SEC Cybersecurity Disclosure Guidance Is Quickly Becoming a Requirement
|By Grant, C Terry|
As companies turn to digital technologies for business solutions, the risk of a security breach continues to rise. For the last 11 years, the security of information technology and data has been rated as a top technology initiative in surveys conducted and published by the AICPA. In addition to concerns about the loss of data and sensitive information, the AICPA surveys identify controls for mobile devices and cloud computing as ongoing concerns.
In the fall of 2011, the
Nature of Cyber Attacks
* unauthorized access to sensitive data;
* industrial espionage;
* sabotage of hardware and software;
* infection of hardware and software with malicious software;
* theft of computer time and other denial of service attacks; and
* theft of mobile devices, such as laptops, notebooks, and cell phones.
Specific SEC Disclosures
* Cybersecurity risks and costs associated with a registrant's operations
* Cybersecurity risks arising from outsourcing activities
* Cybersecurity incidents that have occurred during the past year and that are individually or collectively material in nature
* Cybersecurity risks that may go undetected for an extended period
* Cybersecurity risks that give rise to relevant insurance coverage.
In addition to these potential risks, actual cyber attacks should be disclosed as to the nature, occurrence, and the potential cost of the attack, as well as the related consequences of the attack. Disclosing information about prior attacks can often help users understand the risk the company is facing and how the company is remediating past security breaches.
Potential and actual cyber attacks present unique risks and costs to companies. Costs for actual security breaches can often be determined, but costs of potential breaches are very difficult to estimate. The
* Remedial costs associated with a loss of data and information and the loss of business after an attack
* Costs of cybersecurity
* Loss of revenues due to a loss of data or customers
* Regulatory fines
* Litigation costs
* Reputational damage that can lead to loss of customers and reduced investor confidence.
Six Companies Attracted SEC Attention and Letters
For obvious reasons, companies are reluctant to disclose the details of cyber attacks. Security breaches often harm a company's reputation, spawn litigation, and expose vulnerabilities to competitors. In early 2012, the
Internal control audits are governed by Auditing Standard (AS) 5, An Audit of Internal Control over Financial Reporting that Is Integrated with an Audit of Financial Statements. The standard requires auditors to use a "top-down approach" that begins at the financial statement level to identify controls that present a "reasonable possibility" of material financial statement misstatement. Interestingly, the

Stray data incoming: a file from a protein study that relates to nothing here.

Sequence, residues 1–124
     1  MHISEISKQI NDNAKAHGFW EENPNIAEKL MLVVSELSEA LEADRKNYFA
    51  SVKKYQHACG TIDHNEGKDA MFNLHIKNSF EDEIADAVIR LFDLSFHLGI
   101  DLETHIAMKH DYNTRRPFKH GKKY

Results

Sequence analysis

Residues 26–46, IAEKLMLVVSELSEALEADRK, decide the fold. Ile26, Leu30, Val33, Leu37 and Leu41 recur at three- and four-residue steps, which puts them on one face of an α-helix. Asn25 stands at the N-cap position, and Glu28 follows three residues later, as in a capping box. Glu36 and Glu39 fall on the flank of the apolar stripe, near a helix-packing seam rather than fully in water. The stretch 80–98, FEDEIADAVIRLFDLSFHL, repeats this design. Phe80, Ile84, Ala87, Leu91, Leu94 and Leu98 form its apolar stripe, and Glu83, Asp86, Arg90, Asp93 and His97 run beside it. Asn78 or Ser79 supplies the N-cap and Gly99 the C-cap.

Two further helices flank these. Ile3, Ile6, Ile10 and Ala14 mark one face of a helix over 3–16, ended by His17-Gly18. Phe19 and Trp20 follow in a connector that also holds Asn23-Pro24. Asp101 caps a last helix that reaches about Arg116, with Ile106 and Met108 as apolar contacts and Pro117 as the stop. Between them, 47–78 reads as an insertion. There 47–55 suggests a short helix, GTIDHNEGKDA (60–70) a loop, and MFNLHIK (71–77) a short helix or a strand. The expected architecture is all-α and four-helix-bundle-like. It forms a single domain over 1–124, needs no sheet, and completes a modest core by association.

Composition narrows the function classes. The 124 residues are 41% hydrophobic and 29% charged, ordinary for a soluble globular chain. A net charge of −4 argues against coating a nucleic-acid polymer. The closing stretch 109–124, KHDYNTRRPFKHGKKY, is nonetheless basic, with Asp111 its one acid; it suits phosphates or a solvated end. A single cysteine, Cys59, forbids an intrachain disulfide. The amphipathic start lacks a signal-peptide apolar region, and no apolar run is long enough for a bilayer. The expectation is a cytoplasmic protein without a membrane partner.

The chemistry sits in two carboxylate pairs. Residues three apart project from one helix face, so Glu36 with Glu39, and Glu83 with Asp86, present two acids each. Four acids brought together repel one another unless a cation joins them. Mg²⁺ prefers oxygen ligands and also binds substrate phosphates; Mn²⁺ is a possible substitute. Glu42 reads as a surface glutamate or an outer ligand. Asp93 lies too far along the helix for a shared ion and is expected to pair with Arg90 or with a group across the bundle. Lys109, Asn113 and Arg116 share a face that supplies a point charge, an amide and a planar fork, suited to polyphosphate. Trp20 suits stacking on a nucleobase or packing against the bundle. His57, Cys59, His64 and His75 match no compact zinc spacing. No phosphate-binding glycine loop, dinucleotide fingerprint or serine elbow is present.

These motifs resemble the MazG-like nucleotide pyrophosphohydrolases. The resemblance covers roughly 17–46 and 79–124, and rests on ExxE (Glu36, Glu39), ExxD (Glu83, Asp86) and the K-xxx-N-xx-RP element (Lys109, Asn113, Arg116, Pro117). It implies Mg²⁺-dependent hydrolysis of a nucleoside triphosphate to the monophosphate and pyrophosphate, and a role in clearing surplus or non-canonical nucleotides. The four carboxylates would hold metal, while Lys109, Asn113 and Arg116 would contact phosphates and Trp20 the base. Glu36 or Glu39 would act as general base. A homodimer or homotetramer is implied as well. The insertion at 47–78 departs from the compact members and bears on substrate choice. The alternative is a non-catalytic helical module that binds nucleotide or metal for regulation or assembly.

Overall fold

Disclosures in the 2012 annual reports of five of the six companies (all except
In spite of the disclosures made by these six companies, the
Practical Guidance on Disclosures
Disclosures might also be needed as part of management's assessment of internal controls. If cybersecurity risks could affect a company's information system and impact the integrity of financial reporting, management should include this as an internal control deficiency and seek remedies. In addition, disclosures should be included in the company's "description of business" section if the cyber attack affects products or services, and in the company's "legal proceedings" section if material litigation is pending.
Cyber attacks occurring after the balance sheet date but before the financial statements are issued should be considered a subsequent event. If material, the nature of the attack and related potential cost should be disclosed.
Both internal and external auditors are involved with the adequacy of existing cybersecurity controls. The process of evaluating security controls has become more complicated, necessitating expanded use of IT equipment. The Computer Security Handbook notes that today's auditors may need special training to understand and test security controls in a digital system (
Internal auditors need applicable skills in order to be able to analyze the risks associated with data security, perform routine and regular security audits, help select security systems, evaluate whether security goals have been met, and monitor compliance with security procedures. External auditors must have the special technical skills necessary to ensure that financial statements are fairly and accurately presented. From a security perspective, external auditors should have necessary skills to identify sources of computer security information, understand the client's computer security environment, identify critical controls within the system, conduct an actual security review with appropriate testing, report the audit findings to management and include recommendations for reducing and eliminating material weaknesses in the client's security environment, and identify both strength and weaknesses in a client's security system and test strengths for consistency and weaknesses to determine if monetary losses have been incurred.
Auditors should not assume that cyber attacks are limited to high-tech companies. All businesses could be at risk of having customer credit card numbers and other personal information stolen. Auditors should consider the
When in doubt, auditors are advised to seek the help of an external specialist. Information system auditors and security experts can be a valuable source of information on security risks and remedial modifications to internal control systems that can help bolster them and help companies comply with the expanded cybersecurity disclosures expected by the
Gerry H Grant, PhD, CPA, is an assistant professor of accounting at the
|Copyright:||(c) 2014 New York State Society of Certified Public Accountants|
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